Nearly half of construction sites fail safety checks
The HSE has revealed that over 1,100 construction sites failed a safety check during the organisation’s month-long ‘safer sites’ initiative in September.
During the nationwide campaign, the HSE visited 2,607 sites where refurbishment or repair work was taking place. Inspectors found that basic safety standards were not being met on 1,105 sites.
The findings revealed that: 644 sites had practices so poor, enforcement action was required to protect workers. 539 prohibition notices were served ordering activities to stop immediately, and 414 improvement notices issued, requiring standards to improve.
Heather Bryant, HSE’s chief inspector of construction said: “It is disappointing to find a significant number of sites falling below acceptable health and safety standards, where our inspectors encountered poor practice this often went hand in hand with a lack of understanding.
The most common problems identified included failing to protect workers during activities at height, exposure to harmful dust and inadequate welfare facilities.
David Urpeth, a partner and expert in workplace injury at Irwin Mitchell said: “The high number of construction sites found to be unsafe during this initative is simply unacceptable. The building industry is one of the most dangerous sectors for employees, yet the findings of this campaign show that lessons are clearly not being learned by the business.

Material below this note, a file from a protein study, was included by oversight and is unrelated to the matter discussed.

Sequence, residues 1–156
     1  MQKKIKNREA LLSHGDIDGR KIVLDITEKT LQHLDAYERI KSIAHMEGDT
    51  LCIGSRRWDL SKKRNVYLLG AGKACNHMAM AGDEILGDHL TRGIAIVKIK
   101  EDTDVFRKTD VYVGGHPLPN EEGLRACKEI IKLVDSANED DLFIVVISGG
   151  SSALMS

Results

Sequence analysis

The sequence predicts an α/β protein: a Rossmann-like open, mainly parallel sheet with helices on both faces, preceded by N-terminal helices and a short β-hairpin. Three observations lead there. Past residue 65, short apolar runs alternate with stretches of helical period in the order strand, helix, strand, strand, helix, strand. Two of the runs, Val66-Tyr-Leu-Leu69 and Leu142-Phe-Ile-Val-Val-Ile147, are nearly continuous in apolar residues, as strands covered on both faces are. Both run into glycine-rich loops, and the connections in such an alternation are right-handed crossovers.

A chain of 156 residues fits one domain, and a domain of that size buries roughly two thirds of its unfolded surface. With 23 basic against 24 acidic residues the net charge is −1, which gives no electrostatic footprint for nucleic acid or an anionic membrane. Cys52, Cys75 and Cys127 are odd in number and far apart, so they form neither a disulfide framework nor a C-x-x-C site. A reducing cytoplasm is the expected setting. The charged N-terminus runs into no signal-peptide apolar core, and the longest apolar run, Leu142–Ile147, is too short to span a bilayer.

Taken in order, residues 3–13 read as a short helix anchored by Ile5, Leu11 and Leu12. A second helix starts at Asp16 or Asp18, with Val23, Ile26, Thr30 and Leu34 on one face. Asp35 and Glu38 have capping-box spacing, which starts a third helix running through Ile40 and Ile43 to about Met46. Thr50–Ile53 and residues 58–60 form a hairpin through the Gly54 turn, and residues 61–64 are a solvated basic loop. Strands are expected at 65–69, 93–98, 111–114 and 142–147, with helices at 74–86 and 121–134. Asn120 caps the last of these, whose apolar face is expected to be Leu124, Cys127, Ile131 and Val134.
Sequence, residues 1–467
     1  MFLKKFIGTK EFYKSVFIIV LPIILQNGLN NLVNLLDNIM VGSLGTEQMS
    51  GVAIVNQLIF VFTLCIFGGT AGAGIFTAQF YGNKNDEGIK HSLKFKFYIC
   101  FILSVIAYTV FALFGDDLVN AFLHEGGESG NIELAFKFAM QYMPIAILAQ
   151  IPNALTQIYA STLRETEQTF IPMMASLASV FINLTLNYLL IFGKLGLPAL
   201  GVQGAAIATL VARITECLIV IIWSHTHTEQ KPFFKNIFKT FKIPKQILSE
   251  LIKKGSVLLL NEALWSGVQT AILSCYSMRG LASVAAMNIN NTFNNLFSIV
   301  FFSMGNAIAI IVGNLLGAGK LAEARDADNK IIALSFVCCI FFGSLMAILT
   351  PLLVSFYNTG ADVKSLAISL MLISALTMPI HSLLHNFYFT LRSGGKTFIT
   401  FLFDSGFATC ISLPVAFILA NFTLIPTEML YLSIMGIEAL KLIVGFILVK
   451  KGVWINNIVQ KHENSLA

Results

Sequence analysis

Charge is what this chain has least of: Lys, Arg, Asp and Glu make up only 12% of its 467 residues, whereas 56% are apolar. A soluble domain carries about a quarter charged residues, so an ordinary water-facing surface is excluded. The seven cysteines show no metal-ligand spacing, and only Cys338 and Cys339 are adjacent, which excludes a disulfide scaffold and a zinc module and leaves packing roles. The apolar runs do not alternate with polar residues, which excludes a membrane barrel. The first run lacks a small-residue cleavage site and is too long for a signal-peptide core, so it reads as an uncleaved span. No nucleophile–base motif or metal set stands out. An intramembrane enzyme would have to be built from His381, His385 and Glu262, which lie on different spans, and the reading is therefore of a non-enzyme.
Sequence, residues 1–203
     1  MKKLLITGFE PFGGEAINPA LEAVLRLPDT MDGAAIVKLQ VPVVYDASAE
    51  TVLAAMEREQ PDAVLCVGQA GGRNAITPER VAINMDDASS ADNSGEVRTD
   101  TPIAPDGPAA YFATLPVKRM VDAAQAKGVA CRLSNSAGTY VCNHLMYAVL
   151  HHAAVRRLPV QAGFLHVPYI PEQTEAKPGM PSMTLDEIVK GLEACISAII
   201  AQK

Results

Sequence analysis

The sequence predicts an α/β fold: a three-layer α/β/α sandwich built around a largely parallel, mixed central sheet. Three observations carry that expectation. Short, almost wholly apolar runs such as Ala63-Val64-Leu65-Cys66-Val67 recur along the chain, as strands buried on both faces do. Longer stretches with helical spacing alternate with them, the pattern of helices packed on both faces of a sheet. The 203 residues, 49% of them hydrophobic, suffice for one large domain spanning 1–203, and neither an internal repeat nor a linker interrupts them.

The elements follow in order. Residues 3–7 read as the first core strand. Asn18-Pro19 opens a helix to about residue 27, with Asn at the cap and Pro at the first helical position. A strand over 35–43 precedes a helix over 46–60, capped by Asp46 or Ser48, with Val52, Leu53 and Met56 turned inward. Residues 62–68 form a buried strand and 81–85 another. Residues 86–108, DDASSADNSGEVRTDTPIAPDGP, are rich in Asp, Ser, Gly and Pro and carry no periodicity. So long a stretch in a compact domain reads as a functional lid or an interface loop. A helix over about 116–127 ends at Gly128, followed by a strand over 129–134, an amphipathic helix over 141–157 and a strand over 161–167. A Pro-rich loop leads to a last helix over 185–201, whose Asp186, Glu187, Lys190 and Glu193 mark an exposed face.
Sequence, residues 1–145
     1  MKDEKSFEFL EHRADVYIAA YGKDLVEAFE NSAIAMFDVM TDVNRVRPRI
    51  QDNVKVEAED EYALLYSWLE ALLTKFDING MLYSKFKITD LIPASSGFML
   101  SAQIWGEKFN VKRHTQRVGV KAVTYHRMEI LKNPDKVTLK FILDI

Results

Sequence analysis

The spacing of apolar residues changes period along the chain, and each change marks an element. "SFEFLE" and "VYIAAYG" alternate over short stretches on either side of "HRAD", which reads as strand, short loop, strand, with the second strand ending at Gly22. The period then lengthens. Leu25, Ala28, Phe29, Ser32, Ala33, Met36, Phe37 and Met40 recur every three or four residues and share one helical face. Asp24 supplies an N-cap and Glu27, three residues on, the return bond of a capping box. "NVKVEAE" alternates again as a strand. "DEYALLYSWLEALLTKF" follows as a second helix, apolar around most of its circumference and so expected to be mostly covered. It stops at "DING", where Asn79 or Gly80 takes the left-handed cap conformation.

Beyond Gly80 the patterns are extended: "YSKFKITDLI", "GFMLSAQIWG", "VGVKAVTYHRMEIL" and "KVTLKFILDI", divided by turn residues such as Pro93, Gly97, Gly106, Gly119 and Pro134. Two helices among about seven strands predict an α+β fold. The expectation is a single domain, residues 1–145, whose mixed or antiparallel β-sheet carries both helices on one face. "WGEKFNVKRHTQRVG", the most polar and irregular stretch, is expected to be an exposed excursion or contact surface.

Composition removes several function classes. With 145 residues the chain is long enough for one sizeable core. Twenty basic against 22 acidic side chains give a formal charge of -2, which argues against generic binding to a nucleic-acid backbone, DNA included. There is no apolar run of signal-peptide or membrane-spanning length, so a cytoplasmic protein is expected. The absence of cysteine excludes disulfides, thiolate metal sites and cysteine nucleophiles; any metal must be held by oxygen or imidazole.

“The dangers of failing to adequately protect workers cannot be overstated, as we regularly see cases when victims of work accidents have suffered serious, life-changing injuries as a result of basic failings such as a lack of training or vital equipment.”
Steve Murphy, general secretary of construction union UCATT said: “These figures expose the truth about construction, which is that many employers are prepared to gamble with workers lives rather than ensure their sites are safe.”
He added that the most common problems are “basic safety requirements”, and that the campaign demonstrated why the HSE should be given resources to increase their level of inspections.